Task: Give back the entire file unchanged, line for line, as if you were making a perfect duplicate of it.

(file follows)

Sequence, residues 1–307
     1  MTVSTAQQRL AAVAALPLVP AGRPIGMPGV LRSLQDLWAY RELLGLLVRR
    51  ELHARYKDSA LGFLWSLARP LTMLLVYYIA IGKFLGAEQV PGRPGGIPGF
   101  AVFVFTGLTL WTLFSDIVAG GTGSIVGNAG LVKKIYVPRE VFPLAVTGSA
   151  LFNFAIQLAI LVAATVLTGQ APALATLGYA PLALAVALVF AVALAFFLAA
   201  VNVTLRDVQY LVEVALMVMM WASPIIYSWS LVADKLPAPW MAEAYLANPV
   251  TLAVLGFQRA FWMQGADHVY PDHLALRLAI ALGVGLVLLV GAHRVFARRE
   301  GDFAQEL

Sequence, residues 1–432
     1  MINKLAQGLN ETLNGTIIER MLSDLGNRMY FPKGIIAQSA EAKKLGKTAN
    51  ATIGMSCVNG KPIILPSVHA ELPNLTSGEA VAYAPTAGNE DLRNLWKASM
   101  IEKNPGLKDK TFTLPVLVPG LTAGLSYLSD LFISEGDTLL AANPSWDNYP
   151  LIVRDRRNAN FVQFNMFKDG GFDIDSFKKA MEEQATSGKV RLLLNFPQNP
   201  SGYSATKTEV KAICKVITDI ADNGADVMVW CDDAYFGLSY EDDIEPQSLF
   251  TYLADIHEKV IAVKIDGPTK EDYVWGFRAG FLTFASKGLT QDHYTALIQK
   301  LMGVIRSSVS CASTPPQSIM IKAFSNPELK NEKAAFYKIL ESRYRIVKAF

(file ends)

Sequence, residues 1–307
     1  MTVSTAQQRL AAVAALPLVP AGRPIGMPGV LRSLQDLWAY RELLGLLVRR
    51  ELHARYKDSA LGFLWSLARP LTMLLVYYIA IGKFLGAEQV PGRPGGIPGF
   101  AVFVFTGLTL WTLFSDIVAG GTGSIVGNAG LVKKIYVPRE VFPLAVTGSA
   151  LFNFAIQLAI LVAATVLTGQ APALATLGYA PLALAVALVF AVALAFFLAA
   201  VNVTLRDVQY LVEVALMVMM WASPIIYSWS LVADKLPAPW MAEAYLANPV
   251  TLAVLGFQRA FWMQGADHVY PDHLALRLAI ALGVGLVLLV GAHRVFARRE
   301  GDFAQEL

Sequence, residues 1–432
     1  MINKLAQGLN ETLNGTIIER MLSDLGNRMY FPKGIIAQSA EAKKLGKTAN
    51  ATIGMSCVNG KPIILPSVHA ELPNLTSGEA VAYAPTAGNE DLRNLWKASM
   101  IEKNPGLKDK TFTLPVLVPG LTAGLSYLSD LFISEGDTLL AANPSWDNYP
   151  LIVRDRRNAN FVQFNMFKDG GFDIDSFKKA MEEQATSGKV RLLLNFPQNP
   201  SGYSATKTEV KAICKVITDI ADNGADVMVW CDDAYFGLSY EDDIEPQSLF
   251  TYLADIHEKV IAVKIDGPTK EDYVWGFRAG FLTFASKGLT QDHYTALIQK
   301  LMGVIRSSVS CASTPPQSIM IKAFSNPELK NEKAAFYKIL ESRYRIVKAF